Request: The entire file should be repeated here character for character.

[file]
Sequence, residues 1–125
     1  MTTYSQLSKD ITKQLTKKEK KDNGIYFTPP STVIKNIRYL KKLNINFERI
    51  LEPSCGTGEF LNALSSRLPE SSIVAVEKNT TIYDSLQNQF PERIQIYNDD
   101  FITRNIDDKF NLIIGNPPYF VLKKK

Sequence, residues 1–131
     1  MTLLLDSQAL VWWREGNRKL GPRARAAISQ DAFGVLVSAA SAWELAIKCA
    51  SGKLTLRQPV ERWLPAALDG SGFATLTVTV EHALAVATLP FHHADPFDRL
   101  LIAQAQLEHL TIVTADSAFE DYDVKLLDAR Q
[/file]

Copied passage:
Sequence, residues 1–125
     1  MTTYSQLSKD ITKQLTKKEK KDNGIYFTPP STVIKNIRYL KKLNINFERI
    51  LEPSCGTGEF LNALSSRLPE SSIVAVEKNT TIYDSLQNQF PERIQIYNDD
   101  FITRNIDDKF NLIIGNPPYF VLKKK

Sequence, residues 1–131
     1  MTLLLDSQAL VWWREGNRKL GPRARAAISQ DAFGVLVSAA SAWELAIKCA
    51  SGKLTLRQPV ERWLPAALDG SGFATLTVTV EHALAVATLP FHHADPFDRL
   101  LIAQAQLEHL TIVTADSAFE DYDVKLLDAR Q